Devin Townsend: The Point at Which I Stopped Caring About Guitar Technique

"When my interest became more based on trying to put across emotions, I ceased to be interested in technique."

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Devin Townsend: The Point at Which I Stopped Caring About Guitar Technique
23

Devin Townsend was asked by E-Gitarzysta on how he approaches the guitar in terms of songwriting, to which he replied (via Blabbermouth):

"I love guitar. I have played guitar for 35 years.

"When I was a teen, like probably you and probably like most of us, I practiced 20 hours a day, arpeggios and scales and all that. I accumulated a certain amount of technique and I still retain a lot of that.

"But I stopped at a certain point, when I began to become more interested in making a song that inspired me to feel a certain way.

"For example, I used to - on a rainy day, I would like to turn on the echo and try to find a selection of notes that reminded me of this experience.

"And typically those experiences - even if it becomes more abstract, like love or hate or whatever - it doesn't require much technique. You can play them with very simple chords.

"So, I think when my interest became more based on trying to put across emotions, I ceased to be interested in technique.

"And then when I got the Steve Vai gig [in 1993]. He was so much better than me. I was like, 'I don't need to do that. I don't need to learn to do that.'

"Because what he does and the function of the guitar within his world, was much more to be 'lead-voice.'

"As a singer, I didn't need to do that. I didn't desire to do it after that point. I found that guitar now, serves a functional purpose as a tool for me."

Devy continued:

"The way I look at music is because I think I'm emotionally stunted in real life, I feel like I've always been unable to really participate in emotion.

"Ever since a young age, music was a loophole for me. Through that, I felt like I had a release and an avenue to express things that were really visceral.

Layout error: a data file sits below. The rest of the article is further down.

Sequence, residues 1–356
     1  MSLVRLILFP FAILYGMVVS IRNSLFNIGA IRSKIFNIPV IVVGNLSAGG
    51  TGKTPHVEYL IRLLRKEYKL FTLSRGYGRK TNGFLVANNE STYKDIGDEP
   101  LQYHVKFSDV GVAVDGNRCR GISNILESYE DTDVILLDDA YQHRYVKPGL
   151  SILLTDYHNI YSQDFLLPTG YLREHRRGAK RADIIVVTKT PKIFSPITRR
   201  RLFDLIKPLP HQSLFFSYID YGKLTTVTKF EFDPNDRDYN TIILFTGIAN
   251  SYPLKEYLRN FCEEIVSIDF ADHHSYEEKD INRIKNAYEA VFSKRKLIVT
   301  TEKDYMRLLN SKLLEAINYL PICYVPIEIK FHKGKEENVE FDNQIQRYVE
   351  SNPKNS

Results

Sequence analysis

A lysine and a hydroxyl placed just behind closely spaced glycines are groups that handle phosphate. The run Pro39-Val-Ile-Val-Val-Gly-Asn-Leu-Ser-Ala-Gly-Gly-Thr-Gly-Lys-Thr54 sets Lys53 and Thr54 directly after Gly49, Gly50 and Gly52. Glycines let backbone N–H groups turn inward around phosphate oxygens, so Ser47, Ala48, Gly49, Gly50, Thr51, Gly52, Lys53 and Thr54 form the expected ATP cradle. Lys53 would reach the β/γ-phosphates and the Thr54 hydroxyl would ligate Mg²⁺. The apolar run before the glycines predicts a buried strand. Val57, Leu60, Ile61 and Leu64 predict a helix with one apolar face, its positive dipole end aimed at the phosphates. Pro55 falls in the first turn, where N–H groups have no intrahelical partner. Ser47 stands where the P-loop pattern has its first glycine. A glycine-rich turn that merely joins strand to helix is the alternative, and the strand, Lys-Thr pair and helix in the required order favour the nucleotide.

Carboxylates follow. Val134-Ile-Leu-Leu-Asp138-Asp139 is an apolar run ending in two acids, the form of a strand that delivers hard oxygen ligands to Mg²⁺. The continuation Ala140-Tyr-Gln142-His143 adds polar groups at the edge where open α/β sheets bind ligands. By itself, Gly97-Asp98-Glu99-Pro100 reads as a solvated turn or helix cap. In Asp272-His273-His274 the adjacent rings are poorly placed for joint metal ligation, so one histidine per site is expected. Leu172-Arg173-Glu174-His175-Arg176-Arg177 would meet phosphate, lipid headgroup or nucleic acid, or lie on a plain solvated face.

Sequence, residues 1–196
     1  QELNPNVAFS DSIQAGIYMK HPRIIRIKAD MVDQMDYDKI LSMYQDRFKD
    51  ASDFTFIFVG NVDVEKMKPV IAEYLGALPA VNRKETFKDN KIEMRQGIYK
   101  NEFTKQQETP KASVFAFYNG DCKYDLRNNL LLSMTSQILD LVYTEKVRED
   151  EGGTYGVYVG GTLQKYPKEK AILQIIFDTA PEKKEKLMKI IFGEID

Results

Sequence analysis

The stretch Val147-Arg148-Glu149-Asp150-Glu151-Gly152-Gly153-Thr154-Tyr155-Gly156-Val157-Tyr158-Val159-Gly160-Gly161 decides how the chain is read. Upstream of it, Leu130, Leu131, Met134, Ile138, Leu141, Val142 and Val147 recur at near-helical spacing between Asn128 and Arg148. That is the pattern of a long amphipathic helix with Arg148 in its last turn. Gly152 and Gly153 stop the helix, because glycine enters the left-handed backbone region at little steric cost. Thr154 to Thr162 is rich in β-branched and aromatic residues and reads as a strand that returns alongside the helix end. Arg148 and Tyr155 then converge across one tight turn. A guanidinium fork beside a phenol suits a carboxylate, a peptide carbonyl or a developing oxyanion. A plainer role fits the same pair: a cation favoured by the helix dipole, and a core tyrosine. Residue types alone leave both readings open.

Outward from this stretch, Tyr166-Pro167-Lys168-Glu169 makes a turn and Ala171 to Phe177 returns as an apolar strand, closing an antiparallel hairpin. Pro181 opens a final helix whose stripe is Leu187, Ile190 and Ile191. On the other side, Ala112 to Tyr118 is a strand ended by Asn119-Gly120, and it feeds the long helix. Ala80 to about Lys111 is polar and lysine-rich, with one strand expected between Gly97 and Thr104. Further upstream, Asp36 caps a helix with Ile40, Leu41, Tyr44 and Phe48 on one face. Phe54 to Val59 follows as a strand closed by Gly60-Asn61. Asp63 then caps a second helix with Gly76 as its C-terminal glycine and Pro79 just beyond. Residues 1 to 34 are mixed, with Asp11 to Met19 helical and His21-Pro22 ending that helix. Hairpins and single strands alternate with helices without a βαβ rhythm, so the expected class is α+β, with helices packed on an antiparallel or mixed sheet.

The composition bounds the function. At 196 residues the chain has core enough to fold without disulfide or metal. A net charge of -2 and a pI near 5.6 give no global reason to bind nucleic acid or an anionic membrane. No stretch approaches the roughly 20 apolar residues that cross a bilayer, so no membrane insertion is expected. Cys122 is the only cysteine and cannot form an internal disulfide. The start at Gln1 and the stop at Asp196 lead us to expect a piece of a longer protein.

"Like, when I made angry music, it was horrible music. When I make beautiful music, it's really pretty. When I make complicated music, it's really complicated.

"My objective is I'm not trying to make it complicated or pretty, I'm just trying to react to things I think in my normal life, I'm not adapt at expressing authentically.

"When it comes to music, I don't give a shit if people like what I do, but I think the only litmus test for whether or not what I'm doing is any use is whether or not I feel something from it.

"I think that requires getting to know yourself and as you age, being prepared to accept your weaknesses and allow yourself to be vulnerable because I think at that point, what you're participating in emotionally with your music is something that is going to resonate with others.

"Ultimately that's what this is - we're trying to communicate with other people. It isn't a contest. There's only one of you; there's only one of him; there's only one of her; there's only one of me. It's like we all got the ability to dig deep to say something that is primal."

Asked on how he approaches his career as a professional musician, Townsend replied:

"What you have to do, is you have to learn to compartmentalize all aspects of what it takes to do a professional job as a musician.

"That means a number of things. Being creative, you have to find ways to compartmentalize your creativity so when you have time to do it, you can bring up those ideas, which involves a lot of documenting ideas that may come to you in periods of your life when you're not able to articulate that sort of creativity.

"All those sorts of things that come with the artistry of it. You have to be able to put it into a box because the time has come and gone where you can rationalize just being an artist. It just doesn't work.

"You also have to be a businessman. You have to be the CEO of your own world. Above and beyond that, you have to take care of your mental health. And your mental health in an environment which is fundamentally absurd.

"Like to be in a position where you are the focus of such attention and a lot of that attention is emotional attention, whether or not it's bad or good, but it's usually projected.